Phrase: He makes more money than I do (earn).
Irish: Tuillin sé níos mó airgead ná mar a thillim.
Pronunciation: Thill-in shay nees moh ahr-gahd naw mahr a hill-im

Phrase: I deserve a raise.
Irish: Tá breis airgid tuilteanach agam.
Pronunciation: thaw bresh ahr-gid thill-ti-ahn-ukh ah-gum

Phrase: I'm applying for a new job.
Irish: Táim le cur isteach ar phost nua.
Pronunciation: thaw-im le kur iss-ti-ahkh err fusth noo-ah

Phrase: I'm including my resume (curriculum vitae).
Irish: Tá m'athcholmriú ag gabháil leis seo.
Pronunciation: Thaw m'ah-khohlm-ri-oo egg gah-wah-il lesh shuh

Phrase: Would you mind giving me a reference/May I use you as a reference?
Irish: Bhfuil cead agam thú a úsáid mar réiteoir?
Pronunciation: will ki-ahdh ah-gum hoo ah oos-awidj mahr ray-tchoh-ir

Phrase: You're hired.
Irish: Tá tú fostaithe.
Pronunciation: thaw thoo fuss-thee-heh

Phrase: You will be entitled to four weeks' holiday time per year.
Irish: Beidh ceart agat ceithre sheachtaine saoire a bheith agat chuile bhliain.
Pronunciation: Bye ki-arth ah-guth keh-reh hahkh-theh-neh see-reh ah veh ah-guth khuile vleen

Phrase: The company will pay for $X of your health care.
Irish: Íocfaidh an comhluadar le haghaidh $X dod chúram shláinte.
Pronunciation: Ee-ukh-ee on koh-loo-dar le heye $X dudh khoo-ram hlawn-tcheh

Phrase: You're fired!
Irish: Tá tú scaoilithe.
Pronunciation: thaw thoo skweel-ih-heh


Note: This caught our eye. Yes, we know it isn't gaeilge, but it is fascinating. If nothing else, it is certainly language (and Irish language as well.)
by Bernard Share
...for all 'decent skins', 'crawthumpers', horse-protestants', 'hard chaws' and 'strong farmers'...a dictionary of Irish slang that's as amusing as it is informative.
Click here for Slanguage

For More Basic Irish please click here: Irish Index

Image: Gaeilge Beo from
All Posters and Prints.


Thu, Jul 9, 2015
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Here is a good follow-on to our words and phrases.
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Irish - English
English - Irish

Note: We have yet to see a dictionary with phonetic pronunciations for each word. We suspect this is partly due to the variations. Providing for all four 'green fields' (Connacht, Leinster, Ulster and Munster), would be cumbersome at best. Still, someone may do it some day. Until then, these are all very good and recommended. Serious students will have more than one; they are inexpensive.

These two (either or both) are the handy-references needed to go with a good grammar or 'teach yourself' course.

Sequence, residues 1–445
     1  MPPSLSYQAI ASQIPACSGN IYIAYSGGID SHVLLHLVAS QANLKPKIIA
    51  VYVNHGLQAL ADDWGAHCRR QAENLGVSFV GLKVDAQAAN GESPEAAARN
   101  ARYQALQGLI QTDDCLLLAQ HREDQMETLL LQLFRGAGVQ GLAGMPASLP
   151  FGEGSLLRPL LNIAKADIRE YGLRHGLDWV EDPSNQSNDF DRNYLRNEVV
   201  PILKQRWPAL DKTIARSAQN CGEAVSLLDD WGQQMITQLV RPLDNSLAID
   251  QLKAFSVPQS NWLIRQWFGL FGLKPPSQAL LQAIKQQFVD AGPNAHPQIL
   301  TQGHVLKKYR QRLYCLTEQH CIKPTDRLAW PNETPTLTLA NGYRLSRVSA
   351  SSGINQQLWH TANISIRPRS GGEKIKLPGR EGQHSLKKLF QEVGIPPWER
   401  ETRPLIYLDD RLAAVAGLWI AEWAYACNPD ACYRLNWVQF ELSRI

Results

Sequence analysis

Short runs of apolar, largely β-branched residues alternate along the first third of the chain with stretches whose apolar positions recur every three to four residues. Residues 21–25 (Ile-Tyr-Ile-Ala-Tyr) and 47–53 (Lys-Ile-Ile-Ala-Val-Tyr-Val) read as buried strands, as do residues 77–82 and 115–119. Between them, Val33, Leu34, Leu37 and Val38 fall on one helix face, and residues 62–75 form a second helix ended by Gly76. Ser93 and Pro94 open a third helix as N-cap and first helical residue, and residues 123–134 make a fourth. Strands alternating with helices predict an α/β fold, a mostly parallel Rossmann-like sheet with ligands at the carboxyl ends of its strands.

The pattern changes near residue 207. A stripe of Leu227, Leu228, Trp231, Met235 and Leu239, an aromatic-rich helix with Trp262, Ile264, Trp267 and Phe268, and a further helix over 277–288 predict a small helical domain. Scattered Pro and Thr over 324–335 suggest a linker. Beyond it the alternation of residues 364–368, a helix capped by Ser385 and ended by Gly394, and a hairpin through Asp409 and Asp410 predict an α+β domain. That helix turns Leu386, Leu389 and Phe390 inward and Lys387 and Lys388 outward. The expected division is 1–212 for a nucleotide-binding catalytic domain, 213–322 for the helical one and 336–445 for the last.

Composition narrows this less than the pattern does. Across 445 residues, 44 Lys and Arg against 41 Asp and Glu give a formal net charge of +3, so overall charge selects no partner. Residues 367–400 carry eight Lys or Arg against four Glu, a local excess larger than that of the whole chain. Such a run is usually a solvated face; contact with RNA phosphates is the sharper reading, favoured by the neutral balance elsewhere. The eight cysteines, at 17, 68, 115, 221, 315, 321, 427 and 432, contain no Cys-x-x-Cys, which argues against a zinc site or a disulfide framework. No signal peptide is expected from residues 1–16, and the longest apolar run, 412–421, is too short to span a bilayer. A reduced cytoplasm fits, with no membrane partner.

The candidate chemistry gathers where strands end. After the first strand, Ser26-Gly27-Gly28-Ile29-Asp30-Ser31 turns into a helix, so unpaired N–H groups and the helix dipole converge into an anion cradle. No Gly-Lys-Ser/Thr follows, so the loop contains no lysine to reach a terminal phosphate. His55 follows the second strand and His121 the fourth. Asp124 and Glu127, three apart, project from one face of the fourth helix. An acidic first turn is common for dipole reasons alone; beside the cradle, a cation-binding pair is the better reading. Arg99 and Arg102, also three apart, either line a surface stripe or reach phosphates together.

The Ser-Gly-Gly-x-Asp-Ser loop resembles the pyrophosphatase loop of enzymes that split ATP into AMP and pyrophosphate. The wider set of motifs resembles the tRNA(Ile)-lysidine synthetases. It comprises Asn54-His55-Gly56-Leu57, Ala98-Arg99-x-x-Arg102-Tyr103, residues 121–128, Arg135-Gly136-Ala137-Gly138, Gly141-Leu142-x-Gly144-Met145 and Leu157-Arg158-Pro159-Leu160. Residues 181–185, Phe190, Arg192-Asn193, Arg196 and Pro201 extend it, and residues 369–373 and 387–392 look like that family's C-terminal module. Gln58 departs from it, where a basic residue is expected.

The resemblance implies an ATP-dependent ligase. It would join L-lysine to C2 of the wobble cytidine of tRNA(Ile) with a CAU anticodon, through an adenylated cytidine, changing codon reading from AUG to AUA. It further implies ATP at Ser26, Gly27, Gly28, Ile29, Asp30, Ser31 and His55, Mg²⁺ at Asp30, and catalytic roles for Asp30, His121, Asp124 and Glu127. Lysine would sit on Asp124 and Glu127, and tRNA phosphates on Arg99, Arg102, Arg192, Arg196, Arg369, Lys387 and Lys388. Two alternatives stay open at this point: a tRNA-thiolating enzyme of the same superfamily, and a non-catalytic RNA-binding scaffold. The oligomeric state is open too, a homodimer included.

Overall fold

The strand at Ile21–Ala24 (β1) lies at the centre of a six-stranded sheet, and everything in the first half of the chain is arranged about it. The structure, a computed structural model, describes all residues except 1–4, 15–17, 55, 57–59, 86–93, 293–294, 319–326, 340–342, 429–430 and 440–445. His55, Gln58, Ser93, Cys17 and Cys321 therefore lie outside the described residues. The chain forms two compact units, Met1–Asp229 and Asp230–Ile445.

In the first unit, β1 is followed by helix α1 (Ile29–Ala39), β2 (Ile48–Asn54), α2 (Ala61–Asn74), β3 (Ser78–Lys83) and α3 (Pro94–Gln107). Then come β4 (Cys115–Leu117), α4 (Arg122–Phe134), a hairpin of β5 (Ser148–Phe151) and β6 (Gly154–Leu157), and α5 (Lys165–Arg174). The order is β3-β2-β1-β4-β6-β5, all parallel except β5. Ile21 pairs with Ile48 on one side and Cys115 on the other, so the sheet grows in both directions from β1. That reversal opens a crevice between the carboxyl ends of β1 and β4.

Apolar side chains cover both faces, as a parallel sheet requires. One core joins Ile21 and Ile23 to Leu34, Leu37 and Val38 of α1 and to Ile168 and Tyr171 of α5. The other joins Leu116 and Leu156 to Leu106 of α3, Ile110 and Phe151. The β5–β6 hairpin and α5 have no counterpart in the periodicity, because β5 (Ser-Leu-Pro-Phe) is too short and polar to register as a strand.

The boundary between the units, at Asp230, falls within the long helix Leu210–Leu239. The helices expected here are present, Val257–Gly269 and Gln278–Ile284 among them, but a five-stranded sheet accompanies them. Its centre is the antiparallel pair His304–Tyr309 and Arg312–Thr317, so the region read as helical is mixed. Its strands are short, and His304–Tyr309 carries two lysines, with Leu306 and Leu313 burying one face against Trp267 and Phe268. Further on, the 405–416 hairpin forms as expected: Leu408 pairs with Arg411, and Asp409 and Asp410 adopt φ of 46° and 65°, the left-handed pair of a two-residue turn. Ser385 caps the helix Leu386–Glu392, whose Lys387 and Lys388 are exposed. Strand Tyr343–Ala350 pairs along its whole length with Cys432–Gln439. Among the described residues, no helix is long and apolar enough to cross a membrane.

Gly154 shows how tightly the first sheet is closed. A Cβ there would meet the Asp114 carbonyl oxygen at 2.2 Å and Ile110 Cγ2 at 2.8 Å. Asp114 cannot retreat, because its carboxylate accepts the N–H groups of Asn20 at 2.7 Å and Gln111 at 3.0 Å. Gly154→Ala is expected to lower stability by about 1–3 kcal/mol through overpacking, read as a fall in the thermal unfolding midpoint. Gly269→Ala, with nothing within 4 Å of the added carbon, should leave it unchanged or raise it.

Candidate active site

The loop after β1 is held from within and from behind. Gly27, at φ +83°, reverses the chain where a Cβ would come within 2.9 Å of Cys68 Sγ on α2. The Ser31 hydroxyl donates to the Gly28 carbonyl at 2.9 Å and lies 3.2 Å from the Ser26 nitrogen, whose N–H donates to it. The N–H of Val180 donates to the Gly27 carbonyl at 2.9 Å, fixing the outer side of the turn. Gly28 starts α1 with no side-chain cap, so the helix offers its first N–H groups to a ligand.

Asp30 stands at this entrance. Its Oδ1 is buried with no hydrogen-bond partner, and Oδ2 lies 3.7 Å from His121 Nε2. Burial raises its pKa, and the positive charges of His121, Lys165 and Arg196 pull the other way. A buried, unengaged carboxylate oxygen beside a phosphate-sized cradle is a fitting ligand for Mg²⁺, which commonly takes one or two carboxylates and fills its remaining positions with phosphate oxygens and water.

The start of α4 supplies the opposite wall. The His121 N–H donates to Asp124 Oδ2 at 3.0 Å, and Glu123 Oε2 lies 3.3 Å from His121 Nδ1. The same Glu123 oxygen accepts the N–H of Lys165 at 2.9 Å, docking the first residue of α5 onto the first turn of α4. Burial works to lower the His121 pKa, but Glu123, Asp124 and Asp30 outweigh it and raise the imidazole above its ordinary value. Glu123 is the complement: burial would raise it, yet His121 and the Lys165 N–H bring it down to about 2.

We would need both (and some other help) if found wandering in a Gaeltacht late at night.
Amazon has an offer of either one combined with a grammar for a reduced price.
Click for Collins Gem
Click for Oxford Pocket.

Children's Irish Dictionary
by Hippocrene Books

As a total beginner in Irish, this has taught me quite a few words. The illustrations are beautifully done, and best of all, each word is given a rough English spelling of its pronunciation. Edited from an amazon review.
Click here for Kid's Irish Dictionary.

Wicked Irish
by Howard Tomb

While I wouldn't recommend you use many of these phrases, this is a terribly funny book. I picked it up after leafing through it at the store and finding phrases about sheep and inns and the hazards of driving in Ireland without insurance. Each little section starts out innocuously enough, then quickly degenerates into truly funny comments. If you like Monty Python or BlackAdder, this will really make you laugh. If you liked the Father Ted tv show, this little book will make you keel over giggling. Ah, go on, ya eejit, buy it already! Amazon Reviewer
(We want this, you may see a few on these pages - watch out).
Click for Wicked Irish

Teach Yourself Irish Complete Course
by Diarmuid O'She & Joseph Sheils

An easy-to-use program for learning on your own, or can be used as supplemental material for your classes. These new editions have been thoroughly revised and updated to include the engaging dialogues and helpful exercises you have come to expect from the Teach Yourself series.
Click for Teach Yourself

Learning Irish
by Micheal O'Siadhail

The Best Irish Course Available! Three years ago I decided to learn Irish, and in the next two years I bought three different courses. The first two were simply useless, (that's the obvious reason for my buying new courses) you could learn some phrases, but not construct sentences yourself. Learning Irish, on the other hand, is an excellent book, which gives you a thorough vocabulary and grammatical knowledge. It consists of 36 lessons, all containing vocabularies, grammar instructions, texts and excercises. Amazon Reviewer.

Click for Learning irish